Scholarly article on topic 'Transnational entrepreneurship in the Global South: evidence from Southern Africa'

Transnational entrepreneurship in the Global South: evidence from Southern Africa Academic research paper on "Social and economic geography"

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Academic research paper on topic "Transnational entrepreneurship in the Global South: evidence from Southern Africa"

Bulletin of Geography. Socio-economic Series / No. 30 (2015): 135-146

ISSN 1732-4254 quarterly


journal homepages: http://www.degruyter.eom/view/j/bog

Transnational entrepreneurship in the Global South: evidence from Southern Africa

Jayne M. Rogerson1 CDFMR, William J. Mushawemhuka2 CDFMR

University of Johannesburg, Environmental Management and Energy Studies, Department of Geography, South Africa; phone: +27 115 592 439; e-mail: (corresponding author),

How to cite:

Rogerson, J. and Mushawemhuka, W.J., 2015: Transnational entrepreneurship in the Global South: evidence from Southern Africa. In: Szymanska, D. and Bieganska, J. editors, Bulletin of Geography. Socio-economic Series, No. 30, Torun: Nicolaus Copernicus University, pp. 135-146. DOI:

Abstract. Transnational entrepreneurship is an evolving field of research which occupies an interface between social and regional sciences. The phenomenon of transnational entrepreneurship is driven by entrepreneurs that migrate from one country to another whilst maintaining business-related linkages with their former country of origin and the adopted country. The most critical distinguishing feature of transnational entrepreneurs is bifocality or the ability to function across two different business environments. Most writings on transnational entrepreneurship concentrate on business individuals from the global South operating enterprises in the global North. Absent are empirical studies of the nature and behaviour of transnational migrant entrepreneurs who operate across or between emerging or developing economies. This South-South gap in international research concerning transnational entrepreneurship is addressed in the paper which provides an exploratory analysis of the nature of transnational entrepreneurship occurring in Southern Africa using evidence of Zimbabwean transnational entrepreneurs based in Johannesburg, South Africa.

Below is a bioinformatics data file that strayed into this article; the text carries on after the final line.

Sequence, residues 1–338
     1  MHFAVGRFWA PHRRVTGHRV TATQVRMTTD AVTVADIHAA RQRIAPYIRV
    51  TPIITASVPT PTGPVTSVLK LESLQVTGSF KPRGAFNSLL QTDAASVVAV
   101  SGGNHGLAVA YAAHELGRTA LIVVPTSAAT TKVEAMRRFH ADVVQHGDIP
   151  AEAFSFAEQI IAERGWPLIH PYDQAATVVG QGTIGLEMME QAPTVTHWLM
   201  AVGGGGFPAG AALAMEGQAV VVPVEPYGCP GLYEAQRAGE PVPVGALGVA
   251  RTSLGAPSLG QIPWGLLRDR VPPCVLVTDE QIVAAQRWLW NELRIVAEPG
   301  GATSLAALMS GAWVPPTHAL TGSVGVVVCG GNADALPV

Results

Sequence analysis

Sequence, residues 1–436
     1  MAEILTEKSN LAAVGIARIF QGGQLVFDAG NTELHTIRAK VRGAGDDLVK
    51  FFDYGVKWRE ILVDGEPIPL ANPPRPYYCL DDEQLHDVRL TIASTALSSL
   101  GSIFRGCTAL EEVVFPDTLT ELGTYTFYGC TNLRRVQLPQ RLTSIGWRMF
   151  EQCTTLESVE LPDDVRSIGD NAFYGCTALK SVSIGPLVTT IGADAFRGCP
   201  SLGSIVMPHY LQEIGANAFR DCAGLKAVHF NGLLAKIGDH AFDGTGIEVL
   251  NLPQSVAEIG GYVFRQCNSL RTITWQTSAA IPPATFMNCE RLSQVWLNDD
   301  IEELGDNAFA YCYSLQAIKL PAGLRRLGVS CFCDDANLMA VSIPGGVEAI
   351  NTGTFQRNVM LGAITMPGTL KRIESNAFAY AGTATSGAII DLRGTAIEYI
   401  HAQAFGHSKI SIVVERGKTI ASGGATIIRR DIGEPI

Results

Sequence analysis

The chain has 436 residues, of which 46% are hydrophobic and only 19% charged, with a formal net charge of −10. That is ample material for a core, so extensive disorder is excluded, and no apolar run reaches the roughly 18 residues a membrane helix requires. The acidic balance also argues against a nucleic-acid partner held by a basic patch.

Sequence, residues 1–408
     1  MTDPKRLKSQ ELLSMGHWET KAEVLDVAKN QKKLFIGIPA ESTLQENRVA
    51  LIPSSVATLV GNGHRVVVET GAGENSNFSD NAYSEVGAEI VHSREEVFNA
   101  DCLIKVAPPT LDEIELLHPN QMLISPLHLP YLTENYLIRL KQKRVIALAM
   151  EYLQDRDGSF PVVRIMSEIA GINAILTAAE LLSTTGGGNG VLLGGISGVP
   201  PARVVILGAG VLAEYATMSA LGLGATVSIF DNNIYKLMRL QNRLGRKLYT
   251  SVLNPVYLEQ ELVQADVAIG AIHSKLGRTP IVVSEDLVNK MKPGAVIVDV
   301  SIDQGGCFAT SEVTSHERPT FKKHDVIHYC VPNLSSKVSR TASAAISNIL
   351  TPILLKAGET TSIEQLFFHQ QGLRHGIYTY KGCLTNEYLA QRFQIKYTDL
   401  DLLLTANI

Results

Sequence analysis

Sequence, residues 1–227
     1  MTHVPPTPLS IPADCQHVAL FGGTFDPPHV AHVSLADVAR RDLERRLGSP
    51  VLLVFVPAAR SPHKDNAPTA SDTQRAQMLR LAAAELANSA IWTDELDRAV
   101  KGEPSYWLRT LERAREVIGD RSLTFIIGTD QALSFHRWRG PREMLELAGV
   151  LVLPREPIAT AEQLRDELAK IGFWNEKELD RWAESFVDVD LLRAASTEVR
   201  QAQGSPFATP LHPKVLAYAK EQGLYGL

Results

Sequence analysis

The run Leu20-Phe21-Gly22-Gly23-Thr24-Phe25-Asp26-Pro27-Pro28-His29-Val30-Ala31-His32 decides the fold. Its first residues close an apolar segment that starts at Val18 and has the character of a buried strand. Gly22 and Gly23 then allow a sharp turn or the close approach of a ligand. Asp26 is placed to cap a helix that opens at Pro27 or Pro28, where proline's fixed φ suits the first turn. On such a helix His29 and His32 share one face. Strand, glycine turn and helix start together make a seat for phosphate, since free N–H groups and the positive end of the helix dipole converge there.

Article details:

Received: 19 June 2015 Revised: 12 August 2015 Accepted: 03 September 2015

Key words:

entrepreneurship, transnational entrepreneurs, Johannesburg, Zimbabwe.

© 2015 Nicolaus Copernicus University. All rights reserved.


1. Introduction......................................................................................................................................................136

2. Transnational entrepreneurs and transnational entrepreneurship..........................................................137

3. Transnationalism and transnational entrepreneurs: evidence from Southern Africa........................139

3.1. Transnationalism and migrant entrepreneurship in Southern Africa..........................................139

3.2. Zimbabwean transnational entrepreneurs..........................................................................................141

4. Conclusion........................................................................................................................................................143



© 2015 Nicolaus Copernicus University. All rights reserved. © 2015 De Gruyter Open (on-line).

1. Introduction